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Syria’s Kurds struggle to contain backlash after detaining allied Arab militia leader

Kurdish-led forces guarding Syria’s Islamic State prisons have been on high alert amid spreading clashes in Deir Ezzor province.
Fighters of the Syrian Democratic Forces (SDF) attend a joint military exercise with forces of the US-led "Combined Joint Task Force-Operation Inherent Resolve" coalition against the Islamic State (IS) group in the countryside of the town of al-Malikiya (Derik in Kurdish) in Syria's northeastern Hasakah province on September 7, 2022.

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Tribal backlash. The Kurdish-led alliance of Syrian militias backed by the US military to fight the Islamic State group is facing a fresh challenge to its authority in the oil-rich eastern Deir Ezzor province amid spreading clashes with local tribes.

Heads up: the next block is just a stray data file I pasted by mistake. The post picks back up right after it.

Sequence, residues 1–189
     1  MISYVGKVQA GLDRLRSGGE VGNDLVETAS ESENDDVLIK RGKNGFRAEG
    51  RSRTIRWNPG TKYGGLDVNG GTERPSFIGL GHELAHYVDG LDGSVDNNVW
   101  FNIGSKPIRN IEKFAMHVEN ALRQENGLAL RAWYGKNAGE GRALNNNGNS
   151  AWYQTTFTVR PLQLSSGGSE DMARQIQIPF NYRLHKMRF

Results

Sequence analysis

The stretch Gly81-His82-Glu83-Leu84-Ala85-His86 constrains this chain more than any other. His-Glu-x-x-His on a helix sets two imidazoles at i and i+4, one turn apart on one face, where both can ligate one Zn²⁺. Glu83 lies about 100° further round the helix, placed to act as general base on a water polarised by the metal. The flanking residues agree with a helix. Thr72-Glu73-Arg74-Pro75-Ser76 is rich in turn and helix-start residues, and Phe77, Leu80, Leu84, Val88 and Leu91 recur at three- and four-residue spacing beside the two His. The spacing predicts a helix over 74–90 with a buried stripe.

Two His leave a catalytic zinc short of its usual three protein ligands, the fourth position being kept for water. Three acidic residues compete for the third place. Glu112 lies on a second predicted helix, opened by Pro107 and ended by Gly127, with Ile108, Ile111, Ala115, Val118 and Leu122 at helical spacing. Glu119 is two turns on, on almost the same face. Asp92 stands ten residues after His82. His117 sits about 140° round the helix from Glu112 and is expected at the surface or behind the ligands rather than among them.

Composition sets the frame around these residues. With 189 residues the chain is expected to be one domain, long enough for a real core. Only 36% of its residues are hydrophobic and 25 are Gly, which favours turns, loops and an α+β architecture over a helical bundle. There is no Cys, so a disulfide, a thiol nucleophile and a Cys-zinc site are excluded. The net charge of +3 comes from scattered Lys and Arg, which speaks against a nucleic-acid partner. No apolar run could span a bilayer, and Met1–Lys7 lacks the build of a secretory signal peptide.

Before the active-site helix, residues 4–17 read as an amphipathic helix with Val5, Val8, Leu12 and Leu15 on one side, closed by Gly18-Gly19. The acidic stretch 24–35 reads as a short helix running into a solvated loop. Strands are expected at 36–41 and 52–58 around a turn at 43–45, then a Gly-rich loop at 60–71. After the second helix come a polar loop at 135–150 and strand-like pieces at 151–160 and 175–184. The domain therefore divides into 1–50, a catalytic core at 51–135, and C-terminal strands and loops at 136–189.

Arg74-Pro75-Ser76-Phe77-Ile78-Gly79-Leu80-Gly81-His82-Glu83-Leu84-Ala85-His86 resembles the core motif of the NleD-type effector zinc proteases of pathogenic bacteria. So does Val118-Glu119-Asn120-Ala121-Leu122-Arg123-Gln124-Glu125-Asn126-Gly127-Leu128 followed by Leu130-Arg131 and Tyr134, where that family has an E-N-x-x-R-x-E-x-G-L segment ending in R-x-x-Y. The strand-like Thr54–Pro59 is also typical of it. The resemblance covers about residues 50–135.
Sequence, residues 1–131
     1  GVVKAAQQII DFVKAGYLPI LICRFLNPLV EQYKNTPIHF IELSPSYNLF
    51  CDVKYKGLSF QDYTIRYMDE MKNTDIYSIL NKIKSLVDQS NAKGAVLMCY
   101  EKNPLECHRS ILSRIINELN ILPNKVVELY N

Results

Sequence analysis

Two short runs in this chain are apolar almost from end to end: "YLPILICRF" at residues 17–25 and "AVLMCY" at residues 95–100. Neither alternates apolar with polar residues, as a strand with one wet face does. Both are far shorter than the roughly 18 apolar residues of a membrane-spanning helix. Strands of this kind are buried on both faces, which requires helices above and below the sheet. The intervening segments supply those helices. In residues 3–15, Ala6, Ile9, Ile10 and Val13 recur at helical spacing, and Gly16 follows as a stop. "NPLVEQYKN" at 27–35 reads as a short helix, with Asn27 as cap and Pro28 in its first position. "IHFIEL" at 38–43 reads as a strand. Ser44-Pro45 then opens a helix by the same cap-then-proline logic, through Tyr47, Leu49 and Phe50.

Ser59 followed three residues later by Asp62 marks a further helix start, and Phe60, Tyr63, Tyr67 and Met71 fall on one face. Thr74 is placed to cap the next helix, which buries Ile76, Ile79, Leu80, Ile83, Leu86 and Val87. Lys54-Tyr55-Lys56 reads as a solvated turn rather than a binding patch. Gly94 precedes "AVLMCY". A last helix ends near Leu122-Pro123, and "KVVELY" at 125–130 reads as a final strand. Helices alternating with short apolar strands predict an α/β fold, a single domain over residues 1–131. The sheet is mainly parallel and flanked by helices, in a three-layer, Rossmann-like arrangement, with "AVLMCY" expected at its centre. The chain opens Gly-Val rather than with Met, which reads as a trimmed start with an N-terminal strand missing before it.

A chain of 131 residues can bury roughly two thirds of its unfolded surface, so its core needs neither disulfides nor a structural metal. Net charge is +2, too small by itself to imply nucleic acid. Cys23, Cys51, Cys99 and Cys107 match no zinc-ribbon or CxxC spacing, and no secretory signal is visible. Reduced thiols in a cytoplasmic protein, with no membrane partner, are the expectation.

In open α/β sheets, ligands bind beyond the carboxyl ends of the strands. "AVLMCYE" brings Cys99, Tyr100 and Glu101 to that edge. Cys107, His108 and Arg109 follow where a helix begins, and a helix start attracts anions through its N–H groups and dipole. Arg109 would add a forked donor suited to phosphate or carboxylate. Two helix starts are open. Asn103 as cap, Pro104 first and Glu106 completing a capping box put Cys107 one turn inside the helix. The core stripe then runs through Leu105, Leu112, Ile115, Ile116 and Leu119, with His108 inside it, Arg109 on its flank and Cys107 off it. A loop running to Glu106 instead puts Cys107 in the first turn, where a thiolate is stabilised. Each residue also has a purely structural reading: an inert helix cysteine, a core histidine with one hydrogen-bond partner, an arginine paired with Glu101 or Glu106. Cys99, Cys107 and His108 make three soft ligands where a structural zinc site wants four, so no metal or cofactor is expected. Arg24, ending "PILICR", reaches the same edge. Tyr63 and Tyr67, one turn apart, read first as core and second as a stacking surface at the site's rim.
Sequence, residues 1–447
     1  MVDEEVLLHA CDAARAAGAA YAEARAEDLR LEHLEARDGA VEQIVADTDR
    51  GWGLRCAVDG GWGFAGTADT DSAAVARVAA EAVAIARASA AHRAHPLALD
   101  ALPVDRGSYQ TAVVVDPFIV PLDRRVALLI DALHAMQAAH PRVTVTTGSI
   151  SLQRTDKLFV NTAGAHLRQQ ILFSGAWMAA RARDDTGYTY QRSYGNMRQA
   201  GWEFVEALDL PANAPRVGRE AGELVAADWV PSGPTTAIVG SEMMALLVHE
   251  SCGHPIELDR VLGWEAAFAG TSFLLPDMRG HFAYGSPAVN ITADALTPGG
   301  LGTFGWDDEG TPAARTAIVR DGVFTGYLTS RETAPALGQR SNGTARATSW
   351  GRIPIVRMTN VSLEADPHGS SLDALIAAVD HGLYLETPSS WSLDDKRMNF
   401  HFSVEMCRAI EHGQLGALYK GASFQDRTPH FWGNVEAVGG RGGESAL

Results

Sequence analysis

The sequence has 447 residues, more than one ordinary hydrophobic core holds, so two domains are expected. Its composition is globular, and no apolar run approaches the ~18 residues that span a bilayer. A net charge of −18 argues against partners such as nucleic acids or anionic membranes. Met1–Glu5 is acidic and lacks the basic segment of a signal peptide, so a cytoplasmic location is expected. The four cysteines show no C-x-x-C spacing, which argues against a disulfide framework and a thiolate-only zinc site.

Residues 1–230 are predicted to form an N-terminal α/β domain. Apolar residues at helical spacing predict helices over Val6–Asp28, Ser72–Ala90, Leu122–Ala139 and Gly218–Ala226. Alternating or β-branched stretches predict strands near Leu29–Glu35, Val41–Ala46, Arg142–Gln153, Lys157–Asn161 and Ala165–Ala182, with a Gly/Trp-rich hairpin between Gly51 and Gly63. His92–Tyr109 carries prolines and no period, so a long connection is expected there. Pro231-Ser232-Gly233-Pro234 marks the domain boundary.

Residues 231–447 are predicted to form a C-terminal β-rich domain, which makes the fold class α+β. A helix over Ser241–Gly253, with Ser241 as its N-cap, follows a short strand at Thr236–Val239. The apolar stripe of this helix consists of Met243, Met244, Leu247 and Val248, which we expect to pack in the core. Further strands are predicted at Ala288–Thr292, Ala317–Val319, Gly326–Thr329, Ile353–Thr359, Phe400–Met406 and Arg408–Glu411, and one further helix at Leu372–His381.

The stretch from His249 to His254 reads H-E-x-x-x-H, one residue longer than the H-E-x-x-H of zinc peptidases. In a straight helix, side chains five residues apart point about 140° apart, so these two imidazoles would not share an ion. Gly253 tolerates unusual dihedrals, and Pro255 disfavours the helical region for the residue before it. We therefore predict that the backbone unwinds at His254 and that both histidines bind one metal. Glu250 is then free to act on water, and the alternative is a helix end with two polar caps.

What began as isolated skirmishes following the US-backed Syrian Democratic Forces’ (SDF) arrest of the head of the subordinate Deir Ezzor Military Council on Sunday has led to public demands for autonomy from the Kurdish-led authorities by tribal leaders.

The eruption of long-simmering tensions threatens to undermine cohesion within the US-controlled corner of Syria, raising concerns that other parties to the conflict may exploit the opportunity to roll back Kurdish gains and potentially stage attacks on American military forces in a bid to drive them out of the country’s resource-rich northeast.

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